For RH values of 25–30%, the particles shattered when poked with a needle. Moreover, restorative flow did not occur, at least for the experimental timescale (8–10 h) (e.g., Fig. 3D). The fragments had sharp well-defined edges, and no smoothing of the edges was observed over the course of the experiments (Movie S4). In this case, modeling of the flow established a lower limit to the viscosity. Simulations were initialized as a quarter-sphere having one flat face in contact with a substrate (Fig. S4). In a set of stepwise simulations, the viscosity was decreased until the maximum displacement at the corners of the quarter-sphere was 0.5 μm in 8 h, establishing a lower limit for viscosity of Pa·s (SI Materials and Methods). Images of simulations for this viscosity are shown in Movie S5. This lower limit is included in Fig. 2A, with a value comparable to that of pitch (35).

Discussion

Amorphous solids have viscosities greater than Pa·s, semisolids such as gels or ultraviscous liquids have viscosities between and Pa·s, and liquids have viscosities less than or equal to Pa·s (9, 26). These phases are represented by different patterns in Fig. 2, together with the RH-dependent viscosities. The viscosities of the studied SOM correspond to liquid for RH ≥ 80%, a semisolid for 40% ≤ RH < 80%, and a semisolid or solid for RH ≤ 30%. These findings are in agreement with the results of other recent studies suggesting that certain types of SOM do not behave as liquids under some conditions, such as low relative humidity (7, 1521).
The relationship between RH and viscosity in Fig. 2A can be rationalized by considering the hygroscopic nature of the studied SOM. SOM from α-pinene ozonolysis is known to be hygroscopic, meaning the water content of the particles will increase as the RH increases (3639). As the particles uptake water, the viscosity of the mixture is thus expected to decrease, because the viscosity of pure water is low (1.002 Pa·s at 293 K) (40). This phenomenon may be described, at least to a first-order approximation, by simple mixing rules (SI Materials and Methods). The apparent step in viscosity between 30% and 40% RH may be due to a phase transition, such as the formation of a glass or gel, or may be due to nonideal interactions in the complex mixture (SI Materials and Methods).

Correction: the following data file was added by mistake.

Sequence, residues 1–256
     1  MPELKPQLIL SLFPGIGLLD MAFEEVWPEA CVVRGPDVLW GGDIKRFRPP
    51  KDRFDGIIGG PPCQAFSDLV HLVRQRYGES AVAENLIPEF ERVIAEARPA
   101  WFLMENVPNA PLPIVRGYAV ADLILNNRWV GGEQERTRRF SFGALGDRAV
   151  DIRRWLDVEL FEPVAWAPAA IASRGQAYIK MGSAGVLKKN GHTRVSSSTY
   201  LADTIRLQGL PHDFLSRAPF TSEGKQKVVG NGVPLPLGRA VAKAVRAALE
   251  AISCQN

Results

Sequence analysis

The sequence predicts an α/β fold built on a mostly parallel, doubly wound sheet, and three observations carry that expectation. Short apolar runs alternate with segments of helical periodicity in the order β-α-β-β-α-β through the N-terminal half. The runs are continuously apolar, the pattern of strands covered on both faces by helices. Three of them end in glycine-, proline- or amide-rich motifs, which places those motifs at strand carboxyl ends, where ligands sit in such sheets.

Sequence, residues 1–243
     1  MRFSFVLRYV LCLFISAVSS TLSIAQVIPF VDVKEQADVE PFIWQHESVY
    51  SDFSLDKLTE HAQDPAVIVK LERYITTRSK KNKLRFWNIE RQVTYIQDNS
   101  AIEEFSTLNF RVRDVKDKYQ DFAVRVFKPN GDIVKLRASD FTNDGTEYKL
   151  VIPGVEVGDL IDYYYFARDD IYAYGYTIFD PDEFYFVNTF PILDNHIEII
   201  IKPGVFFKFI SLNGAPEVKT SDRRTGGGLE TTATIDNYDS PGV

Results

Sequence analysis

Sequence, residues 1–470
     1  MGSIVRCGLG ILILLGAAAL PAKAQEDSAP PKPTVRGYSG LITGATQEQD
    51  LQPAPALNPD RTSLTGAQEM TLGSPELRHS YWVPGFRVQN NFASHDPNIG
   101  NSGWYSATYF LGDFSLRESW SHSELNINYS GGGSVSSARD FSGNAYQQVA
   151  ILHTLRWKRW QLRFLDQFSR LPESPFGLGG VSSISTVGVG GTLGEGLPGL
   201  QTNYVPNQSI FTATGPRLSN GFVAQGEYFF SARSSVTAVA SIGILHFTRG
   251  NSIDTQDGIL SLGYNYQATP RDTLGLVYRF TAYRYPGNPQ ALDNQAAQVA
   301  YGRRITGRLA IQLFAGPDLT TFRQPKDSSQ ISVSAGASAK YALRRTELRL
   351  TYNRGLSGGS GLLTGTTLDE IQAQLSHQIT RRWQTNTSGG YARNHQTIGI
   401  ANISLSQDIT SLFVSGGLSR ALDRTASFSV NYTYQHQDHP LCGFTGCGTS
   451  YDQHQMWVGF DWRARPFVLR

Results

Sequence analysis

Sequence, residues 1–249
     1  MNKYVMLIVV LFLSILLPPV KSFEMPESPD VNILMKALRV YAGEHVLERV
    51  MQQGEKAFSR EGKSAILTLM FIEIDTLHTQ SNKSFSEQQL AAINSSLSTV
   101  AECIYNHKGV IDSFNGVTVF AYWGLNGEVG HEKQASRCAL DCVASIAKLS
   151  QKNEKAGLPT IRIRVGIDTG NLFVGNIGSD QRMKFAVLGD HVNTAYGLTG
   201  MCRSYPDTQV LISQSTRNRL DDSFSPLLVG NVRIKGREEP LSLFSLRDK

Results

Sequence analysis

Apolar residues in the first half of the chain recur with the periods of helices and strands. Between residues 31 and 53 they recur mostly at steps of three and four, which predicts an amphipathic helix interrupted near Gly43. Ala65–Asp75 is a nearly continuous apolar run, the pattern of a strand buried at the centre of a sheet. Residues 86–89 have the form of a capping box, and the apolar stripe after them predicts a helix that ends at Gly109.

Using the viscosities determined herein and an estimated hydrodynamic radius, we calculated the corresponding Stokes–Einstein-equivalent diffusion coefficients of organic molecules in SOM, . These values correspond to the right-hand axis of Fig. 2A. The hydrodynamic radius was approximated as the molecular radius of 0.38 nm, given a molecular weight of 175 g·mol−1 (41), a density of 1.3 g·cm−3 (4244), and molecular spherical symmetry. The obtained values ranged from to cm2·s−1 between 90% and 70% RH, from to cm2·s−1 between 70% and 40% RH, and to cm2·s−1 for RH ≤ 30%. Three studies have estimated the diffusivity of organic compounds within SOM. Two of these studies, one looking at partitioning of organic nitrates into SOM particles (7) and the other looking at the evolution of the chemical composition of SOM particles after they pass through a thermodenuder (15), have estimated an upper bound of cm2·s−1 for the diffusion coefficient of organic molecules in SOM produced by α-pinene ozonolysis under dry conditions ( RH). These results are consistent with the results reported herein for RH ≤ 30% ( cm2·s−1). The third study (22) quantified the diffusivity of pyrene in SOM under low RH conditions to be cm2·s−1, similar to, but slightly higher than, the diffusion coefficient measured herein for the water-soluble component of α-pinene at ≤30% RH ( cm2·s−1). The small discrepancy is largely attributed to the hydrodynamic radius of pyrene used in the study by Abramson et al. (22) compared with the hydrodynamic radius of SOM material used to calculate molecular diffusion coefficients from our viscosity data.